Human papillomavirus type 16 associated with oral squamous carcinoma in a cardiac transplant recipient

Cancer. 1990 Oct 15;66(8):1726-31. doi: 10.1002/1097-0142(19901015)66:8<1726::aid-cncr2820660814>;2-y.


Human papillomavirus type 16 (HPV 16) has been associated with a variety of squamous carcinomas, particularly those involving the anogenital tract. The authors report the development of an oropharyngeal carcinoma in a 43-year-old man approximately 20 months after cardiac transplantation while he was on a maintenance regimen of cyclosporine A and prednisone. The carcinoma was resistant to treatment, and he died of complications related to metastatic disease 3 years posttransplantation. Molecular biologic studies using nonisotopic-labeled viral DNA probes were done. In situ hybridization demonstrated the presence of HPV 16 DNA in the tumor cells. DNA dot blot analysis confirmed the presence of multiple copies of HPV 16 DNA within the tumor cells and their absence from adjacent normal-appearing tissue. Southern blot analysis suggested that the HPV 16 DNA was integrated into the tumor cell genome. With increasing recognition of the carcinogenicity of HPV type 16 infection, a role for this virus in the development of squamous cell malignancies in immunosuppressed organ transplant recipients is likely to be noted with increasing frequency.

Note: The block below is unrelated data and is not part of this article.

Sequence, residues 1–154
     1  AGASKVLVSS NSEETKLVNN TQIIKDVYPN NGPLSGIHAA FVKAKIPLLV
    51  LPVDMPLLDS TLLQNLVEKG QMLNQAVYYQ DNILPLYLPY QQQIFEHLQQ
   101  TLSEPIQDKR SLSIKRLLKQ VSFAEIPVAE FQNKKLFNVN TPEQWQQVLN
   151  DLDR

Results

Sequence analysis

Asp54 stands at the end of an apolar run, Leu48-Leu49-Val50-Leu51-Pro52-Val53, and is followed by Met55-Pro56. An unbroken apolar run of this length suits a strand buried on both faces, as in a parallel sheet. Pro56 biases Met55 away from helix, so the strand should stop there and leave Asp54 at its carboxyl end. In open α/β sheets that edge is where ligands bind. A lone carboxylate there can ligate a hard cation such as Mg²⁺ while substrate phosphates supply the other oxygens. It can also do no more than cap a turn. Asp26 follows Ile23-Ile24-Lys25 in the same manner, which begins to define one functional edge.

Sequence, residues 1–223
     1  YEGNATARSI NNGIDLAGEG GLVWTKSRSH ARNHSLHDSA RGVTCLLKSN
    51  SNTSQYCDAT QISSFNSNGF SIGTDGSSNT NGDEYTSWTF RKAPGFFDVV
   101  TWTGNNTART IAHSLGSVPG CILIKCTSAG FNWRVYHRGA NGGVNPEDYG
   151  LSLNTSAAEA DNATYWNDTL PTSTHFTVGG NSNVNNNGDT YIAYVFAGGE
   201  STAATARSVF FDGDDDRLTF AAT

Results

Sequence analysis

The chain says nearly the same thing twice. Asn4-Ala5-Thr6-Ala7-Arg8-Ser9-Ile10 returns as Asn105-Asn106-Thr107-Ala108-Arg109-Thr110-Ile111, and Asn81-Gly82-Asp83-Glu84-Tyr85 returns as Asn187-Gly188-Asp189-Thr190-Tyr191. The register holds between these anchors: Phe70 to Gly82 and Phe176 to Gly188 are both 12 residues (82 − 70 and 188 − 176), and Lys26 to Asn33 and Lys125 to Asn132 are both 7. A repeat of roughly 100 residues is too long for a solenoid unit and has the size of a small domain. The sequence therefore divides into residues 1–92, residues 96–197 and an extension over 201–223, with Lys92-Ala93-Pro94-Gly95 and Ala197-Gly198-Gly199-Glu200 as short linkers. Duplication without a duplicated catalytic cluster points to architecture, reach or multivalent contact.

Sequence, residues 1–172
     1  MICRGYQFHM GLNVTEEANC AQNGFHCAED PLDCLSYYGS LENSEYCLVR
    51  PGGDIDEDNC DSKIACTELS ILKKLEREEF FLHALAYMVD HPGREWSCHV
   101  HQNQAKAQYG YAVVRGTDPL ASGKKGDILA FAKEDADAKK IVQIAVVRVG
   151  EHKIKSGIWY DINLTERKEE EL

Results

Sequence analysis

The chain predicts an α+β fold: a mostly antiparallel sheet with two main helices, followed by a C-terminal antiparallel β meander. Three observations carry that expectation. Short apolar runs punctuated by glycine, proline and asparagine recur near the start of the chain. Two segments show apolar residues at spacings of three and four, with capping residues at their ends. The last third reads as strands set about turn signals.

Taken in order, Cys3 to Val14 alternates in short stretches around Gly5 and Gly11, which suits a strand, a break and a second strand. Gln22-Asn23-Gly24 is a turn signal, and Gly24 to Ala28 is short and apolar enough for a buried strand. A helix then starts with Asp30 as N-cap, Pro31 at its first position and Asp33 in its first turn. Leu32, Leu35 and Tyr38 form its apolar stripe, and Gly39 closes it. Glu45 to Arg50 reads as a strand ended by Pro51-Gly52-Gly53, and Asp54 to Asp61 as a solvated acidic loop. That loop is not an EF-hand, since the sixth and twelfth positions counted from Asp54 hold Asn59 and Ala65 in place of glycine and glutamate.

Publication types

  • Case Reports

MeSH terms

  • Adult
  • Blotting, Southern
  • Carcinoma, Squamous Cell / microbiology*
  • Carcinoma, Squamous Cell / pathology
  • Cyclosporins / therapeutic use
  • DNA Probes, HPV
  • DNA, Viral / analysis
  • Heart Transplantation*
  • Humans
  • Male
  • Oropharyngeal Neoplasms / microbiology*
  • Oropharyngeal Neoplasms / pathology
  • Papillomaviridae / genetics
  • Papillomaviridae / isolation & purification*
  • Postoperative Complications / microbiology*
  • Postoperative Complications / pathology
  • Prednisone / therapeutic use


  • Cyclosporins
  • DNA Probes, HPV
  • DNA, Viral
  • Prednisone